Matrix and stromal–epithelial interactions

To start the session, David Cheresh (The Scripps Institute, La Jolla, CA, USA) reviewed some of his recently published work, which revealed Raf1 as a common target of vascular endothelial growth factor (VEGF) – and fibroblast growth factor (FGF)-induced survival signals in angiogenesis. The specificity of these pathways is derived from phosphorylation of Raf1 on adjacent sites; VEGF-dependent phosphorylation is dependent on p21-activated kinase 1 (PAK1), and FGF-dependent phosphorylation is dependent on Src kinase. Delivery of mutant Raf1-containing nanoparticles caused apoptosis in tumor-associated vessels as well as death in the surrounding tumor; this is attributed to bystander effect. The role of PAK in cell migration was addressed by Rudolph Juliano (University of North Carolina, Chapel Hill, NC, USA). Dr Juliano presented data demonstrating that nischarin, a recently described protein that interacts with integrins and inhibits cell migration, binds to and inhibits PAK. He proposed that upon binding of extracellular matrix, nischarin disassociates from the integrin complex, allowing cell migration via activation of Rac and PAK.

Valerie Weaver (University of Pennsylvania) presented exciting new data regarding the ligation of β integrins in response to the rigidity of the microenvironment. In three-dimensional cultures consisting of reconstituted basement membrane, cells are in a more compliant microenvironment than when in two-dimensional culture. Dr Weaver showed reduced activation of β1 integrin pathways in three-dimensional cultures, which she found to increase as the tension of the surrounding extracellular matrix was experimentally increased. These data not only emphasize the importance of the culture microenvironment in interpreting experimental studies, but also have implications for altered integrin signaling in tumors, which have higher tension due to increased collagen deposition.

Harold Moses (Vanderbilt-Ingram Cancer Center, Nashville, TN, USA) addressed the role of transforming growth factor β (TGFβ) signaling in enhancing tumor progression and metastasis of several mouse mammary tumor models. Dr Moses presented elegant new data involving deletion of the type II TGFβ receptor (βIIR) in fibroblasts. When fibroblasts lacking this receptor were mixed with a tumorigenic cell line expressing the polyomavirus middle T antigen (PyMT) and grafted into renal capsules, the resulting tumors were approximately 2.5 times as large as those reconstituted with wild-type fibroblasts. These data support a positive role for TGFβ signaling in tumors via a paracrine mechanism.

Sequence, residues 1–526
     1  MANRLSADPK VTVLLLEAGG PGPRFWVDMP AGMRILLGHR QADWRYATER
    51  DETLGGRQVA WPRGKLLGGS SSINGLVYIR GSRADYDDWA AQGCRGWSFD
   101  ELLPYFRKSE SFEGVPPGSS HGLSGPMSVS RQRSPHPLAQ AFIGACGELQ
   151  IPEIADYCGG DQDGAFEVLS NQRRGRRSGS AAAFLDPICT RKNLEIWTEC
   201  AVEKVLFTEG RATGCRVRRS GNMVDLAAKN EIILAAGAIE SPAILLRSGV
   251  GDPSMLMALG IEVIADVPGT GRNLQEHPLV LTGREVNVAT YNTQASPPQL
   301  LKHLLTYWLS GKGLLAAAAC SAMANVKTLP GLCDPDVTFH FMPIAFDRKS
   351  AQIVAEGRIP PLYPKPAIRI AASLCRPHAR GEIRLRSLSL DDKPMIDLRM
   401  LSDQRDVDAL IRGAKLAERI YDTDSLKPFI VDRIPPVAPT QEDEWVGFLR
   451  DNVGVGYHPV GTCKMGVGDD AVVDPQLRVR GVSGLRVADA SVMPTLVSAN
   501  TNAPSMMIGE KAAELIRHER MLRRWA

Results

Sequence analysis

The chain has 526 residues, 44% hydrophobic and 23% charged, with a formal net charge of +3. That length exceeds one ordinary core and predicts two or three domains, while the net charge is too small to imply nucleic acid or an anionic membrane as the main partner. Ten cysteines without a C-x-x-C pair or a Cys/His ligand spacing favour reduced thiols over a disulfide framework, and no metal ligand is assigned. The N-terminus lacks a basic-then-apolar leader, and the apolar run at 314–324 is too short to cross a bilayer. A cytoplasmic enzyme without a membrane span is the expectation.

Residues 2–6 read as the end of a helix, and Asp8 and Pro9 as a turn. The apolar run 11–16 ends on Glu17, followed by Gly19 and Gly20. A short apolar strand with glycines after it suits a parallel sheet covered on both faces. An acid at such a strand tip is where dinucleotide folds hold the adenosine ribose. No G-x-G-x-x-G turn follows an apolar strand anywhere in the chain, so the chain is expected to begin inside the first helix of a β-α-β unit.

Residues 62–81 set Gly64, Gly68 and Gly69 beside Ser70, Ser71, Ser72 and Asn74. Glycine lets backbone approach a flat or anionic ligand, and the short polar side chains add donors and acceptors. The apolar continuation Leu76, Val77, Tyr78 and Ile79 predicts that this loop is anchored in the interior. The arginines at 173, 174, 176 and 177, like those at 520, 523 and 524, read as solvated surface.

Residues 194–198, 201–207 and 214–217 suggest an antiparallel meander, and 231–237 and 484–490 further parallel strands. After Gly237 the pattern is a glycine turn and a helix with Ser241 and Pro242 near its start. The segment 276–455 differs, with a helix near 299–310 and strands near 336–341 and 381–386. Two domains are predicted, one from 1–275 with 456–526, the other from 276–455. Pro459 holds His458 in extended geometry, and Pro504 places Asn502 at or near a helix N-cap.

Oncogene signaling and imaging

As a result of continuing development of new tools and model systems in which to study breast cancer, there has been significant progress in understanding mechanisms of tumorigenesis, cell invasion, and metastasis. Joan Brugge (Harvard Medical School) presented work from her laboratory pertaining to the reconstruction of tumor phenotypes with MCF10A cells in three-dimensional cultures using retroviral delivery of oncogenes. Using this powerful method, they have been able to identify genes that induce hyperplasia (for example, the genes for ErbB2, colony stimulating factor 1, colony stimulating factor receptor, insulin-like growth factor 1, insulin-like growth factor receptor, c-Met, and hepatocyte growth factor), a more intermediate phenotype (for example, Wnt-1, intracellular notch, activated Akt), and combinations of genes whose proteins induce an invasive phenotype (for example, ErbB2 + TGFβ). Her laboratory is currently making progress on the mechanisms involved in the various tumor phenotypes.